Wills fails in bid to have speed limit imposed on Weisdale road


Long-running plans will press ahead to build a new section of main road between Whiteness and Weisdale, despite an attempt by one councillor to have the whole project ditched in favour of a 50mph speed limit to help improve safety on the existing route.

Proposals to overhaul the A971 from Haggersta to Cova have been in the pipeline for well over 30 years.

The intention to develop the new three-quarters of a mile section has been dogged by lengthy delays despite fears the existing road, which is narrow and at one crucial point offers no crash barriers for protection, is increasingly dangerous.

A progress report on the £2.25 million project by SIC network and design manager David Mcnae came before members of the council’s infrastructure committee on Tuesday.

Lerwick South member Jonathan Wills said the new section of road would cost a large amount of money the council could “ill-afford” to spend.

At the risk of “stepping on the toes of West Side councillors,” Dr Wills said a 50mph speed limit should be put in place on the existing route instead.

“I move that the council spends no more money on this project and implements a 50mph order on this section of road,” he said. “I say that because it’s never too late to repent of our folly. We have to start cutting some of our expensive projects.”

Dr Wills’ calls failed to find a seconder from fellow councillors, however.

Shetland West member Gary Robinson said the project was steadily nearing its construction phase, and to walk away from it now would be folly for the many West Side commuters who have been crying out for it for years.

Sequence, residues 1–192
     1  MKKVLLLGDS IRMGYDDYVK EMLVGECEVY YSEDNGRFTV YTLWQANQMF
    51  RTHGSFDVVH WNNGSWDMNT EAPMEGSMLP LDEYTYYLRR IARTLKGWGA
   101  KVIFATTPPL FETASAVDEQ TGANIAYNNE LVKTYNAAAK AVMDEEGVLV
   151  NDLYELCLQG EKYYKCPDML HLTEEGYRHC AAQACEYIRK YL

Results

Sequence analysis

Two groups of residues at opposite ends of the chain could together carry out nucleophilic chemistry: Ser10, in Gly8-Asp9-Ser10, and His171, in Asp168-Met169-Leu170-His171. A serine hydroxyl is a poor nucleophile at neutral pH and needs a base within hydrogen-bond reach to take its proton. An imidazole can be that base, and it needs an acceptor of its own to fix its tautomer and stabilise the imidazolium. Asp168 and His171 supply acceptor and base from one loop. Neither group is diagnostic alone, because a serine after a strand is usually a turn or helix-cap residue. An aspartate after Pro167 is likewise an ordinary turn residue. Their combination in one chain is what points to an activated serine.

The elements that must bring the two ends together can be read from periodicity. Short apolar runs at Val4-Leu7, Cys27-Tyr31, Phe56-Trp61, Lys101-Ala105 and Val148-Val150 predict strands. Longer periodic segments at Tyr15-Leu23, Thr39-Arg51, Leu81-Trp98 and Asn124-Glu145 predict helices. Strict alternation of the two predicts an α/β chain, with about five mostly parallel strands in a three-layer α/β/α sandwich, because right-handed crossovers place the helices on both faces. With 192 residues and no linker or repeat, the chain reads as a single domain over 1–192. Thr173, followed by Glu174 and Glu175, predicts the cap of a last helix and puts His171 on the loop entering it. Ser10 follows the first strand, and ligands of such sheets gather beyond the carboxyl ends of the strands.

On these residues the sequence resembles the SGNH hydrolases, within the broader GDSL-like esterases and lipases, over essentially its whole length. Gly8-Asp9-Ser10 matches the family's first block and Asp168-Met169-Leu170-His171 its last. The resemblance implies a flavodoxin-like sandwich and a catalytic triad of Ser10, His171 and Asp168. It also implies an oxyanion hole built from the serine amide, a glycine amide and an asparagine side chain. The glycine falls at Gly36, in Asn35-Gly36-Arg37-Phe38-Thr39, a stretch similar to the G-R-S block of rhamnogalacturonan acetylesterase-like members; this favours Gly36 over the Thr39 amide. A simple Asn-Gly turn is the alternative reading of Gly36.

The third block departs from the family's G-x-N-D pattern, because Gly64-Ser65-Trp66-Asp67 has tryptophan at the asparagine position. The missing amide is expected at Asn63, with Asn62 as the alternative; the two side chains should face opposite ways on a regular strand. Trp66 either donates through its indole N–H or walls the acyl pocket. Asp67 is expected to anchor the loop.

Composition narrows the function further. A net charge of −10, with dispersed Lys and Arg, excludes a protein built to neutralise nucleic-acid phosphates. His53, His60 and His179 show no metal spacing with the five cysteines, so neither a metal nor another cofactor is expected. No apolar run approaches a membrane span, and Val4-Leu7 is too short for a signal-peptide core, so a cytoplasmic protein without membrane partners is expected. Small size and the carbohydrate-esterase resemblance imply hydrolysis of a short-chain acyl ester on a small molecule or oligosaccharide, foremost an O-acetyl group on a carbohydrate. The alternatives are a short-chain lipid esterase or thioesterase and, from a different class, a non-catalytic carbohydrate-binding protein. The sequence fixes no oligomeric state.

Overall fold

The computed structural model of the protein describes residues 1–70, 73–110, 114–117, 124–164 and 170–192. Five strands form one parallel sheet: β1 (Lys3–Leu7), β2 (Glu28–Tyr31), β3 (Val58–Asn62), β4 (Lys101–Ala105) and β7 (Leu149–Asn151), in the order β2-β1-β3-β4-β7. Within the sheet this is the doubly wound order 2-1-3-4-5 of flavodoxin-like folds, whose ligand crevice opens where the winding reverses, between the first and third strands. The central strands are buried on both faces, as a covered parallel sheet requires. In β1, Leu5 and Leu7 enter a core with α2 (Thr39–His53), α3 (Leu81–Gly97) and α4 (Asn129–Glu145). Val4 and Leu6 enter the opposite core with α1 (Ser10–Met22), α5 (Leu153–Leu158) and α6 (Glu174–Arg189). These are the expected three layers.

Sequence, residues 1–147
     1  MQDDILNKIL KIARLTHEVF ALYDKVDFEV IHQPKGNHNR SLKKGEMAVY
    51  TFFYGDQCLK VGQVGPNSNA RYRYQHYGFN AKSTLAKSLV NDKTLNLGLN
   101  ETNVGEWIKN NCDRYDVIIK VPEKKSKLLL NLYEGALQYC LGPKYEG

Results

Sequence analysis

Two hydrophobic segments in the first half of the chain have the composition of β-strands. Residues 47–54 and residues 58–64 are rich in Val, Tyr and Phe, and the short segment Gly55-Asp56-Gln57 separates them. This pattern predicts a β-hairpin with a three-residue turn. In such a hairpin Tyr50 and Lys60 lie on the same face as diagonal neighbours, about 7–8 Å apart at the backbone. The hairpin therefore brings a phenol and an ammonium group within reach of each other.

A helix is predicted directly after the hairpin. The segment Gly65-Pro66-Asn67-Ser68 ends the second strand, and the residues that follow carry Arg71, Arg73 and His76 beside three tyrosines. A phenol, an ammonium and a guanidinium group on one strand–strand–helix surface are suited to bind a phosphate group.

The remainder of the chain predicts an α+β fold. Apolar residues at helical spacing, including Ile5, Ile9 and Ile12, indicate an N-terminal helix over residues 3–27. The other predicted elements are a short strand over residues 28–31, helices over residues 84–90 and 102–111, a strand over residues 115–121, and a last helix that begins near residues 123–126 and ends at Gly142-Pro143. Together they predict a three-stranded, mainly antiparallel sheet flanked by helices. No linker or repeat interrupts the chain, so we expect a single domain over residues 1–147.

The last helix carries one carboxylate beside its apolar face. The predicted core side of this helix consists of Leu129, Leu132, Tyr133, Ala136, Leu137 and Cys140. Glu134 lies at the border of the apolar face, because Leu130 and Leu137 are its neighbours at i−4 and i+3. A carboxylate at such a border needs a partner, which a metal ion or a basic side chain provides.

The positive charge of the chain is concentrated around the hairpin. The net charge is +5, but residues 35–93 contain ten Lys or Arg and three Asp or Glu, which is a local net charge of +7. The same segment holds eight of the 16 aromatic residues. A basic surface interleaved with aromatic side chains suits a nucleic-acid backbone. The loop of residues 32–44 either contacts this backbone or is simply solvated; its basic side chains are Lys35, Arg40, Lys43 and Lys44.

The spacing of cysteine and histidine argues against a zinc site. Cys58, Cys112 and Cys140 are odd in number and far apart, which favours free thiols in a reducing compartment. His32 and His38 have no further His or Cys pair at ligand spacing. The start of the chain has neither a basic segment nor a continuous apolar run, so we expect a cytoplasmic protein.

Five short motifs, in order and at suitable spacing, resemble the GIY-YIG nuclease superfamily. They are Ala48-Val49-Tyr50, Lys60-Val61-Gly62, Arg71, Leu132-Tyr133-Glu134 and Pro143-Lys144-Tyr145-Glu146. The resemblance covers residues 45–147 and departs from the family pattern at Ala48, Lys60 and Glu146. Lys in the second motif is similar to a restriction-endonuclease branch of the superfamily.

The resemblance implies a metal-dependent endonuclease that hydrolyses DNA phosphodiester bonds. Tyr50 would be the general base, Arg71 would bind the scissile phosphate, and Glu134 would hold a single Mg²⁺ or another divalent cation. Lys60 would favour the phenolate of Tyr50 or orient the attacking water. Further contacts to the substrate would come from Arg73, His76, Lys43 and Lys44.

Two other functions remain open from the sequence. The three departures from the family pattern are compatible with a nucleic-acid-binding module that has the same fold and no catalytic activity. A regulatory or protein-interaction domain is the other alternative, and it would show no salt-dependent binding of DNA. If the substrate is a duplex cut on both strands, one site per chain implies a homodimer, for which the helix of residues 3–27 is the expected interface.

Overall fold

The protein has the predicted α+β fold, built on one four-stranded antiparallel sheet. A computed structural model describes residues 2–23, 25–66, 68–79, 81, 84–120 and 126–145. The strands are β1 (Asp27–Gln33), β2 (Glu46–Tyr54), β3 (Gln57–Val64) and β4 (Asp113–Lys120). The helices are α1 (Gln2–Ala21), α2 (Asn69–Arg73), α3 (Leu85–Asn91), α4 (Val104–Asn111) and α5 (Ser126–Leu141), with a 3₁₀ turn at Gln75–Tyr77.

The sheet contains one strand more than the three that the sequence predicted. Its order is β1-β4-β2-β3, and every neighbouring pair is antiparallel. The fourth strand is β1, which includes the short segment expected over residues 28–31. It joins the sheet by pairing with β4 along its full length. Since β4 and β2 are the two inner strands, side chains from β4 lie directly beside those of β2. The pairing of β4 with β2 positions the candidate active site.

“There is no stronger a critic of money wasted on unfinished projects than Jonathan Wills, but he’d like to see this scrapped when it’s close to the finishing line,” Mr Robinson said.

In the past improvements were meant to be made to the road to allow pupils at the Whiteness school to walk or cycle to their lessons in more safety, but Mr Robinson said no parent would find a slightly lowered speed limit – which many motorists may fail to abide by – a reassurance.

“No parents I know would allow their children to walk to school, even with a 50mph speed limit,” he added.

Adding completion of the new section was “essential”, Mr Robinson moved the committee simply note the progress gradually being made to bring the road to fruition, and he was seconded by Gussie Angus.

Although he would not back him, Bill Manson admitted Dr Wills “has a point.” He said there were several sections of main road all over Shetland still to be completed, and added a review of main road policy might be useful, although that should avoid looking at just one road in isolation.

Chairman Alan Wishart said a report should be tabled to the committee in two cycles to do that very thing.

During the meeting questions were raised as to why a crash barrier could not be put up at one section where vehicles face a steep drop if they come off the road.

Mr Mcnae said a barrier could not be installed because the verges were too narrow to house the concrete posts required to hold them up, particularly as there were telephone cables underneath the ground as well.

He said guidelines stated barriers could only be used if an embankment was over a certain height, and the slope threatening West Side motorists was not steep enough under the criteria.

The road had been approved for construction in former capital programmes for years, but had always slipped due to various delays.

Key objectors to its development have been Haggersta couple Alan and Ruby Inkster, who believe their access to the new road will be dangerous because of speeding cars coming from the west.

As things stand, there is still no established start date for the work. The project can only begin in the summer of 2010 at the earliest, but Mr Mcnae said a more realistic start date may be a year later.


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